i talked it through with giles over the phone and we came up with a plan. he produced the words to describe our approach to this, and i sat down and started drawing some pictures, so to speak. the understanding we had of how best to handle this project (and as it turned out, this would be our advantage over everyone else competing) was that we needed to make this site engaging (they were getting horrid bounce-rates), less business-like (the current site felt like it was for some london law-firm, with ‘small print’ everywhere) and more enjoyable on the various new computing platforms out there (i.e. let’s make it big, fun, easy to scroll and hit buttons with your fingers on an ipad). for a company trying to offer a fresh approach to tackling the world’s major environmental concerns, their problems seemed clear to us in terms of design.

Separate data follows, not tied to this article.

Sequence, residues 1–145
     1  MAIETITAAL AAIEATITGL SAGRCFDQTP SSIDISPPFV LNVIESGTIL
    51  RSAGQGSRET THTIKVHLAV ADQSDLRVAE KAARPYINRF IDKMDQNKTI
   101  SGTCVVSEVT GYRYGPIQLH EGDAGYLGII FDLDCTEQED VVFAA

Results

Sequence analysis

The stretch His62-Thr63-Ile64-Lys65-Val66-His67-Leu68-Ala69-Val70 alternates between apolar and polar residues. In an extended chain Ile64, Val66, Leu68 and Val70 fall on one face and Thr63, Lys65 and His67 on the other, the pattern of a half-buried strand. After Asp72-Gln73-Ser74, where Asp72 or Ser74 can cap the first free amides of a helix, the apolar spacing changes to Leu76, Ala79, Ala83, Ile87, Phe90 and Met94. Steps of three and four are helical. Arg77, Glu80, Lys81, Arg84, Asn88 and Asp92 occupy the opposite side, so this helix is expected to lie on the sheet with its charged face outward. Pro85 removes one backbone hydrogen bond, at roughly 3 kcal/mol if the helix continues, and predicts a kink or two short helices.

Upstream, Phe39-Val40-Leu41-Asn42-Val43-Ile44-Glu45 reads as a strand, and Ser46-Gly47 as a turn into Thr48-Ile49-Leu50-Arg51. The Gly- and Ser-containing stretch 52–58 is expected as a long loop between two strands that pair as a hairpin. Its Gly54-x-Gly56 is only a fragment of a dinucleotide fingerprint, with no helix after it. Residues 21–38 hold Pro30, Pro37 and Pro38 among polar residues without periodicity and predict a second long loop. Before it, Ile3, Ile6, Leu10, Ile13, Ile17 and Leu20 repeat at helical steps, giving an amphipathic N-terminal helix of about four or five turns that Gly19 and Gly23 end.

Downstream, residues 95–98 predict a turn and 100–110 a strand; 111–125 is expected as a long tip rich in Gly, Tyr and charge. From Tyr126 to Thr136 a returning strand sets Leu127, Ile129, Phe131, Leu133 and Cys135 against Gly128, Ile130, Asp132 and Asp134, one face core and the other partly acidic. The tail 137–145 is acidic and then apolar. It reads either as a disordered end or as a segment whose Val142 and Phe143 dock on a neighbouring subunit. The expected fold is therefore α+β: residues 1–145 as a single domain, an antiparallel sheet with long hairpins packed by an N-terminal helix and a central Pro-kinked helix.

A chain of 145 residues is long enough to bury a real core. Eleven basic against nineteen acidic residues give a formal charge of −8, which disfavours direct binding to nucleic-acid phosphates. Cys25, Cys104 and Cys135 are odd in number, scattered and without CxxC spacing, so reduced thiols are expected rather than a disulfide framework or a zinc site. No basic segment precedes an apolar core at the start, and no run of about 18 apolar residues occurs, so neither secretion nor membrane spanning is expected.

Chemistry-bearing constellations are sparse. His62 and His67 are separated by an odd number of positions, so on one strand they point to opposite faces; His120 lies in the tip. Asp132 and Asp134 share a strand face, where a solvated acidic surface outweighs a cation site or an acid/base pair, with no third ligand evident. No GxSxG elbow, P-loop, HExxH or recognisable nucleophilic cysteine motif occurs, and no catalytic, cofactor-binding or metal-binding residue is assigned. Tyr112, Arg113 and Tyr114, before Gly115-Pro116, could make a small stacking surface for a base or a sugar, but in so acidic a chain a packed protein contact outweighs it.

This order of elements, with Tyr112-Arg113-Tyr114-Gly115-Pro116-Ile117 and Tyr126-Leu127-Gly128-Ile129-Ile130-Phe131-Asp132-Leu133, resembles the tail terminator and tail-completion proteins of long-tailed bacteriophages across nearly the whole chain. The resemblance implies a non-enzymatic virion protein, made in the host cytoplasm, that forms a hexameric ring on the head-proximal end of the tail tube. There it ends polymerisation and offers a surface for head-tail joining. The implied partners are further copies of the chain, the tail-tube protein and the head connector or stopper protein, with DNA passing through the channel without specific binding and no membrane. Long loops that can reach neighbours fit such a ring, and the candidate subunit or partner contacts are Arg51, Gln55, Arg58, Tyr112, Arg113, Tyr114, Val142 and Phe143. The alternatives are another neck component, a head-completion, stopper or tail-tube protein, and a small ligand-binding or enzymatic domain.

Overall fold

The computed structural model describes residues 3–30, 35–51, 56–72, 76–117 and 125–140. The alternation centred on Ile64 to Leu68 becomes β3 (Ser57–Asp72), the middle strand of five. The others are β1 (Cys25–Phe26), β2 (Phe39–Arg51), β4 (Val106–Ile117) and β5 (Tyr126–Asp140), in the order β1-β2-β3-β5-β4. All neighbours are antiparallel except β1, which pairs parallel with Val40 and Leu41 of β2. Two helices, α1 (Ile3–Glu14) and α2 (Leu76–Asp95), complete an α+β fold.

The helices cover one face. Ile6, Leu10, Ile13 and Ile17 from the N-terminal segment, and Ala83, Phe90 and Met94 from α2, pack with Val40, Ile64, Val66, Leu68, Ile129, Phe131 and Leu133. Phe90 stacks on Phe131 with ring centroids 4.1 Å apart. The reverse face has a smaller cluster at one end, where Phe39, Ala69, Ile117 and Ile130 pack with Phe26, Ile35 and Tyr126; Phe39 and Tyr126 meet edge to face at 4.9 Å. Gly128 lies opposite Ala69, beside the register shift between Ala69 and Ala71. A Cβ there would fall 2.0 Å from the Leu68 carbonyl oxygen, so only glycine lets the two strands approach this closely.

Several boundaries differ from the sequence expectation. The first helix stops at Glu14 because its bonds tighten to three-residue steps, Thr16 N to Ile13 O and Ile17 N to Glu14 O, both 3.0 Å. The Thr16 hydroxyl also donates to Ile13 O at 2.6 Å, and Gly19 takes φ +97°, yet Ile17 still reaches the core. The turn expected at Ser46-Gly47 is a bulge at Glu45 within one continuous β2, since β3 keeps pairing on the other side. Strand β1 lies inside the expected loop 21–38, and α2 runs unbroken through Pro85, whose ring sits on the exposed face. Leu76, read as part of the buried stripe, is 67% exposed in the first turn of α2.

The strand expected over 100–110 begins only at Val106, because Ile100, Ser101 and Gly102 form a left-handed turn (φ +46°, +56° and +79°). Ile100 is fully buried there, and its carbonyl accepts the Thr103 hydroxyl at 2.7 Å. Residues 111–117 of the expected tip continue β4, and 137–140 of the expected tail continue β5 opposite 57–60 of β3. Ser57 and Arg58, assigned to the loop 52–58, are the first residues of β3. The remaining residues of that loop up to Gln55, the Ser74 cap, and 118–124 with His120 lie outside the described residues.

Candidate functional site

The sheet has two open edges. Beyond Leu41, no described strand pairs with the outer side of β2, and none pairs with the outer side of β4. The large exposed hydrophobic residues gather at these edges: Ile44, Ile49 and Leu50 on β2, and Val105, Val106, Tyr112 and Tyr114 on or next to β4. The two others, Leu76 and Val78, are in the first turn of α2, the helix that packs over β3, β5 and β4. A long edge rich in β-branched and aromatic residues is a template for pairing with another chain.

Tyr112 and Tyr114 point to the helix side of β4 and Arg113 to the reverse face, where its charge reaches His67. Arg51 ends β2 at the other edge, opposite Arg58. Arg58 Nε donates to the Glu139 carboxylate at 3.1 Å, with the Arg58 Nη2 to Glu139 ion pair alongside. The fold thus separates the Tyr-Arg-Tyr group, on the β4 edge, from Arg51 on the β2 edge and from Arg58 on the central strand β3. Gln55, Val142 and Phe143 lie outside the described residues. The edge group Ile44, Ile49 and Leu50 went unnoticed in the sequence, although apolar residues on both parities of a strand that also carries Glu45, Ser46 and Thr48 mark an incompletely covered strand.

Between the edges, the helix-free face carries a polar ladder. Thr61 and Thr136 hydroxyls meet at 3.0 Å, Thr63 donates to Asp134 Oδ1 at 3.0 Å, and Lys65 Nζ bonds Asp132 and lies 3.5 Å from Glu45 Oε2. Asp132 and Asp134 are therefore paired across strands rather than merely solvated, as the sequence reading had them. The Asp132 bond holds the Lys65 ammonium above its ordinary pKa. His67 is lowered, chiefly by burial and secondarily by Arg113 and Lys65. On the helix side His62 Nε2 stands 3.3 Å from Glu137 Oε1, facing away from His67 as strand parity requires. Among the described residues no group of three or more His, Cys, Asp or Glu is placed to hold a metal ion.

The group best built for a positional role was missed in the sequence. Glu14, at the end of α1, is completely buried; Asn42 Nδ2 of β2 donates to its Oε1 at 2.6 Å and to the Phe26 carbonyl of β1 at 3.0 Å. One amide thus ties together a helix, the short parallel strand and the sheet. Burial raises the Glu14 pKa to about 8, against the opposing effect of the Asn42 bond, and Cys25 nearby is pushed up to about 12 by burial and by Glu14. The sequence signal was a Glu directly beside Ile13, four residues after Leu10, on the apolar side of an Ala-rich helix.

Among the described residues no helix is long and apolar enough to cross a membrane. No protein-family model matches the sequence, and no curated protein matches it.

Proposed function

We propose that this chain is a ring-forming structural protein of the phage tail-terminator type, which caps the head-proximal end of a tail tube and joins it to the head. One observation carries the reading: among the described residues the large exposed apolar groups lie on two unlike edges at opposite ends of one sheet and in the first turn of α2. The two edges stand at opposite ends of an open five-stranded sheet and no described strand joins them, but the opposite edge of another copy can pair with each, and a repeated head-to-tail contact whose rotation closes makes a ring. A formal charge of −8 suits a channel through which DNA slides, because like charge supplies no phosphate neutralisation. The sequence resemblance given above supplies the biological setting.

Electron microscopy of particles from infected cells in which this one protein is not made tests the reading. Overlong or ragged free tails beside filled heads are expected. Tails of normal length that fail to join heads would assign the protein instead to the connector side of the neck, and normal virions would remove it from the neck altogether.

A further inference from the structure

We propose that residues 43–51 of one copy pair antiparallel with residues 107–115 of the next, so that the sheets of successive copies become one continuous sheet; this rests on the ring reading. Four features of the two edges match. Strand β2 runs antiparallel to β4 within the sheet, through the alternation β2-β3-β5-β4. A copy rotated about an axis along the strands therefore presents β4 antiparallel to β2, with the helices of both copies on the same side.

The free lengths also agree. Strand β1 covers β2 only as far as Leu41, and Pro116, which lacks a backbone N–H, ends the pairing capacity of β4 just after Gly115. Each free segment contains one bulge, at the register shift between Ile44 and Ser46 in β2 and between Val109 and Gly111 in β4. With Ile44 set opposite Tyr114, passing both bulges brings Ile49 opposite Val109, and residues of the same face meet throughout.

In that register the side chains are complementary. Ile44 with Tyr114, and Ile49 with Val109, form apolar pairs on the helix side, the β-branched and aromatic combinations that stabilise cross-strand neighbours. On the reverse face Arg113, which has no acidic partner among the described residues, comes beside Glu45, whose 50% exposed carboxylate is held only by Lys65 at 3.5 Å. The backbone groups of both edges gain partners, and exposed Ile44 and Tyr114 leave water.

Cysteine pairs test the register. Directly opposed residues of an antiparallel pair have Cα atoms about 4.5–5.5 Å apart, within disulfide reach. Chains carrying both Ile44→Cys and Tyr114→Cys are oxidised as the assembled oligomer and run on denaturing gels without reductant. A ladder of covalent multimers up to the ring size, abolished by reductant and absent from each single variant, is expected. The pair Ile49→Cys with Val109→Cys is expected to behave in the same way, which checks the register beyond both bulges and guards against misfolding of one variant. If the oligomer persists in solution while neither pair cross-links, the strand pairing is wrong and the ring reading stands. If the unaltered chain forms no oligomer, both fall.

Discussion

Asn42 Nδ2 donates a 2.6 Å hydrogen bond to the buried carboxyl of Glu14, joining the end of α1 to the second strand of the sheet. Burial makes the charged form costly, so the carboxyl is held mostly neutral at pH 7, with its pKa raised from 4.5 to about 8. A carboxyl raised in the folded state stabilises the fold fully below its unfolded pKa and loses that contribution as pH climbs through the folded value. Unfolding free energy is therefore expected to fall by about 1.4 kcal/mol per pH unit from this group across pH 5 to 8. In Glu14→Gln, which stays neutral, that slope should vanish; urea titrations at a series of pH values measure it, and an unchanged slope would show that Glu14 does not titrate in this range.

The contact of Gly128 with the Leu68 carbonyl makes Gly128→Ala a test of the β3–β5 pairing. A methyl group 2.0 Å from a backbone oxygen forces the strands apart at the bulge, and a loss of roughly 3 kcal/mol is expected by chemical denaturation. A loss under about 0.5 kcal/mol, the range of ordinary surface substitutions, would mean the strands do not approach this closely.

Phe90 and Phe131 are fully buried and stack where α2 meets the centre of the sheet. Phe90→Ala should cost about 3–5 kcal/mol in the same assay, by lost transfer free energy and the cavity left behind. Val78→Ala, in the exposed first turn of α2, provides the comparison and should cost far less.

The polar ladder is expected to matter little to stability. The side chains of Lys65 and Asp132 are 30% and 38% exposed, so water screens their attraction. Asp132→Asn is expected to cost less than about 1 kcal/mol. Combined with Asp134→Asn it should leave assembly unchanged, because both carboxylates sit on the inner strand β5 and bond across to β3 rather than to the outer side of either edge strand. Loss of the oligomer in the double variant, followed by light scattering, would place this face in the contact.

the other elements we were suggesting in our pitch were conveyed by a series of quick mock-ups of our vision for the site using large format photography, a very spacious design and bold use of typography.
we packaged the whole thing up and sent it off. i went back into the sun with a sense that overall we possibly could have done better, but not sure how. it was just that feeling you have when you’re in someone else’s house in another part of the world, and you don’t quite have the same focus as you do when you’re in your own studio.
a week or so later were informed we were in the next round and that we’d caught their attention. a few weeks later, after some further interviews we were told we’d been selected to do the job. it was the first of a few radical changes for our company around this time, and was deeply affecting our general outlook. after almost 10 years of being around we were now getting the work we felt we were always made for. this meant of course that in return we had to thank them for doing so. we had to thank them in the only way we knew how – by doing the best job we could.